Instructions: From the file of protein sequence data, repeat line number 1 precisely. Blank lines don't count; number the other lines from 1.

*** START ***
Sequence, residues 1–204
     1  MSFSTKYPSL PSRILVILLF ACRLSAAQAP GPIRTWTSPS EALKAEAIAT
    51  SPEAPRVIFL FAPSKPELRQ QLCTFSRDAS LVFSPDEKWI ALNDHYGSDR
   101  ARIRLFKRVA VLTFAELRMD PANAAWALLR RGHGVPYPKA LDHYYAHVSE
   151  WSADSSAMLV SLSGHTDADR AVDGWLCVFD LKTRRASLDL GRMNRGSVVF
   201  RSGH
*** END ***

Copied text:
Sequence, residues 1–204